Zalgiris Kaunas center Robertas Javtokas is happy every day just to be alive, let alone play basketball at the elite level, which is exactly what he has been doing for more than a decade now. If we were to combine Turkish Airlines Euroleague and Eurocup numbers during his remarkable career, the veteran big man is approaching 1,400 career points, 1,000 career rebounds, and 200 blocked shots. He has won both the Euroleague and Eurocup titles, in addition to EuroBasket and World Championship medals with the Lithuanian national team.
Javtokas’s successful career would not be all that surprising, considering that at the turn of the century, he was not only Lithuania's most-promising talent, but a physical marvel who dunked at record heights. Then, on May 1, 2002, his motorcycle crashed at 140 kilometers per hour into an oncoming car. The 22-year-old Javtokas was sent flying toward an uncertain future. It took 10 months to complete all the necessary surgeries on his leg, knee and shoulder. He couldn't play basketball for almost a year-and-a-half.
After three surgeries, a special bone reinforcement plate implanted in his leg, long treatments for an injured shoulder nerve, and months of rehabilitation exercises, his recovery still sounds like a miracle. But not only did Javtokas survive and recover, but went on to have a career that many other players would love envy.
“I never think [about] what would have been different, but I am thankful I am still on the basketball court, because doctors said that for sure I am not going to play,” Javtokas explained. “I am happy and thankful for everything in my life, I got (sic) beautiful family, I play basketball and I am still here.”
After short stint in the NCAA at the University of Arizona, Javtokas returned to his homeland in 1999 where he quickly became very popular. Fans admired the young player's ability to fly high and perform spectacular dunks. Javtokas showcased his stunning jumping abilities at the Lithuanian League All-Star Weekend in 2001, when he dunked the ball on a basket set 3.65 meters high, 60 centimeters more than the normal rim height.
However, after the accident, it was highly doubtful he would be able to do anything close to that ever again. The doctors were optimistic when saying he could start walking after six months, but some eight months after the accident Javtokas entered the gym again. It took a few additional months to get off the stationary bike and step onto the court, but he eventually did play, and with plenty of success.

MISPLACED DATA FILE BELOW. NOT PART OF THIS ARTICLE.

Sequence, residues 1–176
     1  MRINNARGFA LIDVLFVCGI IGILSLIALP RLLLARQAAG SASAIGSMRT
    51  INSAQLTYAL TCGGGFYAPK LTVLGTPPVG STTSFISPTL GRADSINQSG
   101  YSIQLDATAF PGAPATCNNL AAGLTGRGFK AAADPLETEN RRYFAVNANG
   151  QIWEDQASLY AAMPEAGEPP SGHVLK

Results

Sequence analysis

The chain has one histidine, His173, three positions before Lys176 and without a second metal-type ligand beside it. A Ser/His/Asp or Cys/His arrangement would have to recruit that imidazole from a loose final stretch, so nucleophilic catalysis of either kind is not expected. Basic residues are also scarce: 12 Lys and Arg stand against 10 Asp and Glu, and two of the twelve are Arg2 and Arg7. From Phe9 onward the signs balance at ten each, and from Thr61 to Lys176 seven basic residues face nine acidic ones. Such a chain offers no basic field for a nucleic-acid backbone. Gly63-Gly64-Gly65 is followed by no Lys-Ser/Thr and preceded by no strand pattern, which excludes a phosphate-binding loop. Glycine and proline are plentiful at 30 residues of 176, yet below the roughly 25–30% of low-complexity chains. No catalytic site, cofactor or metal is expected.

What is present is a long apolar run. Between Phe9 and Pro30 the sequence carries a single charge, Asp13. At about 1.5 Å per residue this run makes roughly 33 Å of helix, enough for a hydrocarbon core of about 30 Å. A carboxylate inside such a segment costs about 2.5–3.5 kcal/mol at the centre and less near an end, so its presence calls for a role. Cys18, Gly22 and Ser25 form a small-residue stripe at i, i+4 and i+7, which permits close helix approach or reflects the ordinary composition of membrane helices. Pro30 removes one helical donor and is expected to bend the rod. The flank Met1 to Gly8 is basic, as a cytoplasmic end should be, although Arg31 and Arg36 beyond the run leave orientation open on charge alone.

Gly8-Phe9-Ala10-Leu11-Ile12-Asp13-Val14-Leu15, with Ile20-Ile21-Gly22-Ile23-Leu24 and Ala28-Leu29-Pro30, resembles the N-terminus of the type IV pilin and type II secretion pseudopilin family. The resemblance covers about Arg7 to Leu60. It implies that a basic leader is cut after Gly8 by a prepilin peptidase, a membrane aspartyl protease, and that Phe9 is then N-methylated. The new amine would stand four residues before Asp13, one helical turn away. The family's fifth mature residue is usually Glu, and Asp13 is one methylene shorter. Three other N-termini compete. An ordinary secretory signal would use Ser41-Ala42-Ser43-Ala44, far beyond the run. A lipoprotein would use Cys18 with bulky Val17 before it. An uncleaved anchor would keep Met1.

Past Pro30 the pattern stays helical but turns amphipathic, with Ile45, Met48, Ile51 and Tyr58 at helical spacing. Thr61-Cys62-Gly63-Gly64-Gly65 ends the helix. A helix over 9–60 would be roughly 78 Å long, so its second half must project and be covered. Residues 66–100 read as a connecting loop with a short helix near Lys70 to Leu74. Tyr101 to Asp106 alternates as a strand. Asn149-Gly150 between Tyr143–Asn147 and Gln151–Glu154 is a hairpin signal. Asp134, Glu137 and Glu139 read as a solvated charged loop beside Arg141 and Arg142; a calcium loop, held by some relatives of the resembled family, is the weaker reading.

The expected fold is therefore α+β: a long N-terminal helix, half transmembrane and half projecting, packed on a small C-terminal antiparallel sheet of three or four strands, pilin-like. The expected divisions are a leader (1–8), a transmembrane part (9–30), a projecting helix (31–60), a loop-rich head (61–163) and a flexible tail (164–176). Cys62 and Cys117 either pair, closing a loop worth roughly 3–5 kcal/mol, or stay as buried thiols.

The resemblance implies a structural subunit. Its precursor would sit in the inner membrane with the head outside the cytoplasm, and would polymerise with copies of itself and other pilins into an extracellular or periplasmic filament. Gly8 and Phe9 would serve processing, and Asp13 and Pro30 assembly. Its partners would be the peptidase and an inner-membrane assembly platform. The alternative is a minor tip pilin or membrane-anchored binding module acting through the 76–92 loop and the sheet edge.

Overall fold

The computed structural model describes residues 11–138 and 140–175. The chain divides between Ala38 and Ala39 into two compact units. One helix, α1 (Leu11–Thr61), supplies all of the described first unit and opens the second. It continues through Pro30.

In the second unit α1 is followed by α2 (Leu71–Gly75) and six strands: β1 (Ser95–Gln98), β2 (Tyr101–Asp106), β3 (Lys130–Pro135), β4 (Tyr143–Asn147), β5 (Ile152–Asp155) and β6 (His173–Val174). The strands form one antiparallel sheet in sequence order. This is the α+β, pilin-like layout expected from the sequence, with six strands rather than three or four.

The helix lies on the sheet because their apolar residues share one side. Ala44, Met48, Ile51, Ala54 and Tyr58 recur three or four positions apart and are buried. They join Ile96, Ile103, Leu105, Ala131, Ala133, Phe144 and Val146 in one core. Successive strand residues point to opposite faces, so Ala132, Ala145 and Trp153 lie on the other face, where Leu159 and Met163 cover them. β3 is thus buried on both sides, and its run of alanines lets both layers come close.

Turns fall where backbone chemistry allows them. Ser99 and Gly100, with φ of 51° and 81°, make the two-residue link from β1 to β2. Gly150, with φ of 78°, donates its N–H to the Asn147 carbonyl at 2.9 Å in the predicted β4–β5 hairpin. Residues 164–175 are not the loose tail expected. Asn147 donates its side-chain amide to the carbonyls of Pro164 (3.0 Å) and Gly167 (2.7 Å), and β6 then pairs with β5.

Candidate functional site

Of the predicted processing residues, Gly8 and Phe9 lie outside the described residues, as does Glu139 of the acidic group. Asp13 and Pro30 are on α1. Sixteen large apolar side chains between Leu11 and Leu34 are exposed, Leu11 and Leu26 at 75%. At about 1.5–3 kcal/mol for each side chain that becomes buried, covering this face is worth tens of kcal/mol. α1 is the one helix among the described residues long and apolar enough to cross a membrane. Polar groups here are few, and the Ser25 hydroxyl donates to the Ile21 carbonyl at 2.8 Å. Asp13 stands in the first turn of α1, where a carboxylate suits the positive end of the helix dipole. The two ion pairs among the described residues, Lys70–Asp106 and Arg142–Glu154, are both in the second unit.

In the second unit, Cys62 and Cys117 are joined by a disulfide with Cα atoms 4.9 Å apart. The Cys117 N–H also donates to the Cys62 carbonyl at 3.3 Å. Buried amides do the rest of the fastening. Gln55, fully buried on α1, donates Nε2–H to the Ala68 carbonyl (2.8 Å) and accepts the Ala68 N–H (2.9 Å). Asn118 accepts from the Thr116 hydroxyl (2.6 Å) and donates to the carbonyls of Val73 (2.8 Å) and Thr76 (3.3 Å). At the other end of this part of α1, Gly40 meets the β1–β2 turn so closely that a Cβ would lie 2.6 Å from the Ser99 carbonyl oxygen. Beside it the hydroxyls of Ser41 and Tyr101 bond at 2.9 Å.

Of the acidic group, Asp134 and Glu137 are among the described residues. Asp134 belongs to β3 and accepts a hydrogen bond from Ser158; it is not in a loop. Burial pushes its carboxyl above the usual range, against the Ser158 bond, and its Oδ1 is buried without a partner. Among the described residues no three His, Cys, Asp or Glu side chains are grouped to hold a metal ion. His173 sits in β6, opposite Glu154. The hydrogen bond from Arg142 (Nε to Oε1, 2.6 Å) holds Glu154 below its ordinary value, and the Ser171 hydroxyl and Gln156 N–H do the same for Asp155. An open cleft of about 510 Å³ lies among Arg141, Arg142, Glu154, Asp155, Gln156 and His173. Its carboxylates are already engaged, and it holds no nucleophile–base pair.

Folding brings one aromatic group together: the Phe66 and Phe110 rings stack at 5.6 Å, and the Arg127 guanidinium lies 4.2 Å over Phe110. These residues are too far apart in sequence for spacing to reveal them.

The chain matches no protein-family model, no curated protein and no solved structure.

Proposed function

“I remember the first game after my accident. They were saying ‘he cannot jump any more, he cannot run anymore.’ I came back and I had a pretty good game. I remember that I proved to everybody [that] I came back, and not only to walk on the court.”
When he looks back to what happened more than a decade ago, Javtokas says that without a question basketball was one of the main reasons he returned to normal life. He had huge support from his family, like his mother who admits of initially thinking her son might never walk again, or from his brother who was also a professional basketball player. His club back then Lietuvos Rytas Vilnius, found the best Lithuanian specialists, and the San Antonio Spurs of the NBA, which selected him in the second round of 2001 draft, flew Javtokas to the United States several times.
“When I had the accident, the only motivation was to return to the basketball court. People around me supported me so much. Friends, teams, everybody around me helped not to give up.”
By 2005, Javtokas had won the Eurocup title as Final MVP with Lietuvos Rytas. Two years later, he became a Euroleague champion with Panathinaikos Athens, and won a Eurobasket bronze with Lithuania. The longtime captain of the national team also added a FIBA World Championships bronze medal to his collection in 2010, and just this summer collected a silver medal at EuroBasket 2013.
“It does feel like a miracle sometimes,” Javtokas said. “I am so glad I am in this situation. You never know what would [have been] before the accident, but life puts it the way it is, and I am happy for everything that I have right now, and for me it’s the best thing that could happen.”